Thursday, 30 December 2010


After splitting from her patronising, abusive husband for the married American Bob, Marta slowly comes to terms with the concept of freedom. Her newly-formed illicit relationship with Bob at first appears to give her everything she needs, even an apartment which Bob pays for. In an attempt to further liberate herself, she has flings with a photographer, whom she encounters during a modelling shoot, and a drug-dealing bad boy who perhaps leads her the furthest astray. Before long, she is once again left picking up the pieces of her own life, as well as those of others.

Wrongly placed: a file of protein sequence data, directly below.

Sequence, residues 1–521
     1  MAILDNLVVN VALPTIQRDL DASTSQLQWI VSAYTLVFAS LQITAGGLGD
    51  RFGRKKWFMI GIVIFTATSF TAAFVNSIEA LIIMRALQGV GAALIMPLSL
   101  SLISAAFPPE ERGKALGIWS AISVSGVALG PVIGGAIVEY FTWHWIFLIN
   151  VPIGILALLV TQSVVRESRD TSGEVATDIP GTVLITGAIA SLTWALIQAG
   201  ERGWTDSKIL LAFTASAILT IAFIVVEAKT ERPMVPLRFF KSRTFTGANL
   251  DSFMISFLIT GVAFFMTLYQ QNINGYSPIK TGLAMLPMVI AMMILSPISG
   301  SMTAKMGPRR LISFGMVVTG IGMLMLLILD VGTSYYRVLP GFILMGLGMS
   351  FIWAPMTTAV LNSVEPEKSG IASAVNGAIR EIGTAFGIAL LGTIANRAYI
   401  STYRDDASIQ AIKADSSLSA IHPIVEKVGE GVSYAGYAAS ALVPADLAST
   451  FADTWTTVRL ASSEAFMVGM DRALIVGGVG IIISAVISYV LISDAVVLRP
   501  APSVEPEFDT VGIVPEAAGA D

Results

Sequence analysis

A wistful tale of anomie in a metropolitanised Europe, Besieged is a key film of the Cinema Novo, Portugal’s own take on post-war neorealism. The film often echoes early Polanski and Cassavetes, and it’s safe to say the males in the film don’t come off particularly favourably – the title and opening credits refer to a siege of manipulative men. Consistently androgynous with her cropped hair and schoolgirl skirts, Marta is a tragic figure whose constructed happy-go-lucky image, occasionally recalling the starlets of the French New Wave, belies her status as a lost woman. Unfortunately, given how much of the film rests on her story, Marta isn’t a particularly sympathetic character, her twists and turns led more by disillusionment with her current state than a genuine desire to create a new life for herself. Simplistic sound design becomes distracting when less is heard than seen, but the film does feature some magnificent vérité photography.

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